This is different than the previous design because now the "on switch" (the precharge switch) can be a relatively small relay and the turn-on sequence can be easily automated to avoid closing the contactor before precharge.

Here is how I did it. I have a Step-Start device that turns on the precharge relay when the start signal is received (the ignition key is turned to the START position). After a time delay the contactor is turned on.
{see StepStart}

There are additional safety and convenience features of the Step-Start Device, but the basic function is to make sure that the precharge relay is always turned on BEFORE the contactor and that at least some minimum amount of time passes between the two events.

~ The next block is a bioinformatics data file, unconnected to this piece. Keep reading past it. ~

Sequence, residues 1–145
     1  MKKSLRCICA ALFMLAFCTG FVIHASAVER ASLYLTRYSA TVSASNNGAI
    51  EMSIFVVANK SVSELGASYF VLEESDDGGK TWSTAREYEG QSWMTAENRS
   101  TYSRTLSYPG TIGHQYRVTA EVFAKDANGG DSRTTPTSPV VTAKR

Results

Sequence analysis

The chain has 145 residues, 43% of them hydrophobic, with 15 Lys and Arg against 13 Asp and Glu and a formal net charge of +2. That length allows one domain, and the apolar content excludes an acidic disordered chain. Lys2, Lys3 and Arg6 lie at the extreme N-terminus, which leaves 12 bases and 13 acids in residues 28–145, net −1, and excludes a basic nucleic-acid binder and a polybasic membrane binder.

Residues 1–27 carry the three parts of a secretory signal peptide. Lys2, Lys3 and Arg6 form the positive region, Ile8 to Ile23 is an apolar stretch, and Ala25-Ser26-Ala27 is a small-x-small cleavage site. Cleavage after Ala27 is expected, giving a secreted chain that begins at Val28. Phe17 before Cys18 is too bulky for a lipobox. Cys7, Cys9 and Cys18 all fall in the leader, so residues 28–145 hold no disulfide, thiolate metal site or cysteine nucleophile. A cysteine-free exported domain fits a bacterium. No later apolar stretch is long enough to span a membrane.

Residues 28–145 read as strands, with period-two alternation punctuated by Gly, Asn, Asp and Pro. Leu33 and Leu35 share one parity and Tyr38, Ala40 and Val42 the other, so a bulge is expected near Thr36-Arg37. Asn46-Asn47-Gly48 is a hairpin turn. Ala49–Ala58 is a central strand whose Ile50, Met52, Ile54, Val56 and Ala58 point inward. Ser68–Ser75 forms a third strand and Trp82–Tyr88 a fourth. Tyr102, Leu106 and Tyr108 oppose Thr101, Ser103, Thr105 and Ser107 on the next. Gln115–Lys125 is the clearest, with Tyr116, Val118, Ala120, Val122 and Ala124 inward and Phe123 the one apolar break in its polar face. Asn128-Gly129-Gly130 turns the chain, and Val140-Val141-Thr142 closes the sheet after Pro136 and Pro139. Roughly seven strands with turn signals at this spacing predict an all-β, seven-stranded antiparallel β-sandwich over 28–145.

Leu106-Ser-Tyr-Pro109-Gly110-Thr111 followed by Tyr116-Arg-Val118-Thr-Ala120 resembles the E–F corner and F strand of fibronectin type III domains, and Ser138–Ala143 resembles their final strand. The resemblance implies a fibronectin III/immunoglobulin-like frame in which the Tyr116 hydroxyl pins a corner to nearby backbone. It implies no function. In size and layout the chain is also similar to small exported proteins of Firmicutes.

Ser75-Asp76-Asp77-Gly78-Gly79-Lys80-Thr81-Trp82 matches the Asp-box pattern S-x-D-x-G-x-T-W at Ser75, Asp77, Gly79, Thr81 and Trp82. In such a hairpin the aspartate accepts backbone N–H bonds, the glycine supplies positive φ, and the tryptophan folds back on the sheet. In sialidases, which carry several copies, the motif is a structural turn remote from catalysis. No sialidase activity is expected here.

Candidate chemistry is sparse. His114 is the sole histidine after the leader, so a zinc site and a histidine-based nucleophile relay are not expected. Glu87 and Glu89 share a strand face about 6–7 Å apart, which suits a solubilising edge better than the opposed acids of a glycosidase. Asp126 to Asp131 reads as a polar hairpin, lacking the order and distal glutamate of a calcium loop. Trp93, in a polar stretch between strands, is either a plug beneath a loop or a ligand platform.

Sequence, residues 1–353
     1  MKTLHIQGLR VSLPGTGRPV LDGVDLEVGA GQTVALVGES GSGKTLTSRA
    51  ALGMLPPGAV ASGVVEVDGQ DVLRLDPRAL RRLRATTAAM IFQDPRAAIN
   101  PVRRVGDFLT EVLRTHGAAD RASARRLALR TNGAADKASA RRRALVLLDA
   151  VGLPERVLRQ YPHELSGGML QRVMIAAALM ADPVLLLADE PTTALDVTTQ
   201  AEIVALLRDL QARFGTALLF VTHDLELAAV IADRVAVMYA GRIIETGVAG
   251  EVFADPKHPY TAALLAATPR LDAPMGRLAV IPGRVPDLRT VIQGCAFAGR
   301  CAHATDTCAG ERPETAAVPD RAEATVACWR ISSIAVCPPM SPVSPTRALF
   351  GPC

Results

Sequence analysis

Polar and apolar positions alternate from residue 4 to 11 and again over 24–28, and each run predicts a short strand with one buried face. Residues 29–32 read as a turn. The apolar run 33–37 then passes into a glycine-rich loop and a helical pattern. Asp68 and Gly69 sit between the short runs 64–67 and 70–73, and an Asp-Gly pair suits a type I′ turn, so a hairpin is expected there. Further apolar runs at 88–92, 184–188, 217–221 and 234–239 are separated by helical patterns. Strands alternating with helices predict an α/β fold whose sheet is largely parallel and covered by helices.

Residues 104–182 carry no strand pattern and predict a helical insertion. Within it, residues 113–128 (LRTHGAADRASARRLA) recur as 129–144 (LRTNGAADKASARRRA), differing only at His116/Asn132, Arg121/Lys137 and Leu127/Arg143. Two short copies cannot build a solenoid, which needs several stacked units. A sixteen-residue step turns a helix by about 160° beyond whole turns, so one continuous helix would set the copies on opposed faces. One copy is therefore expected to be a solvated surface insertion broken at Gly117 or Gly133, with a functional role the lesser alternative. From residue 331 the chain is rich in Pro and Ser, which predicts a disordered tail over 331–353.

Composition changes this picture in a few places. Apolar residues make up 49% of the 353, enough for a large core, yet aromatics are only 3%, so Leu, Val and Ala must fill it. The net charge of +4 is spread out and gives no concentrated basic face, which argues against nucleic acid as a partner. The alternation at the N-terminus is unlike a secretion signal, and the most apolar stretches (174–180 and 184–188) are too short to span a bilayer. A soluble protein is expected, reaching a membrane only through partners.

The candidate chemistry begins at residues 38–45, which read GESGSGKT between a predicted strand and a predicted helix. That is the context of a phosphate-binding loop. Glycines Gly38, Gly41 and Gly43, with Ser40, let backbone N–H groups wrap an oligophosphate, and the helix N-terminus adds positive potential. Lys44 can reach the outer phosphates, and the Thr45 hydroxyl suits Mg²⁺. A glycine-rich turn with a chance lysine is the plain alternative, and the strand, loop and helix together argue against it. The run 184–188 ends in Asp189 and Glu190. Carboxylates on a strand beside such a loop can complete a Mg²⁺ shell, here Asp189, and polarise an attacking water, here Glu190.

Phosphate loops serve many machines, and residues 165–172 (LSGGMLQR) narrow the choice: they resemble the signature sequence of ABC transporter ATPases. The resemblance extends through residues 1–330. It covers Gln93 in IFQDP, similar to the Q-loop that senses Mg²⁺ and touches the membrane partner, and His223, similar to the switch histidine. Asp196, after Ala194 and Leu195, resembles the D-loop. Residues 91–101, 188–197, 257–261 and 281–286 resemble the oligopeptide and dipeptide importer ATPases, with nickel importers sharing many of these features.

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The "Pre-charge" is to charge up the capacitors in the controller input circuit to full pack voltage (144 V.?) At a controlled rate and not as an "Inrush" Surge. that is what the resistor or household 120 V. light bulb id there to do. It limits inrush or initial charge-up of the input capacitors as otherwise the initial surge will shorten the life of the power contactor it is connected across. To start charging with only the 12 volt is unnecessary, and potentially a problem because the 12 v. auxiliary supply,(Battery and/or dc/dc) is preferably ISOLATED from the high voltage of the 144 v. traction battery pack. If you have more questions ask them (I just LIVE to give answers.)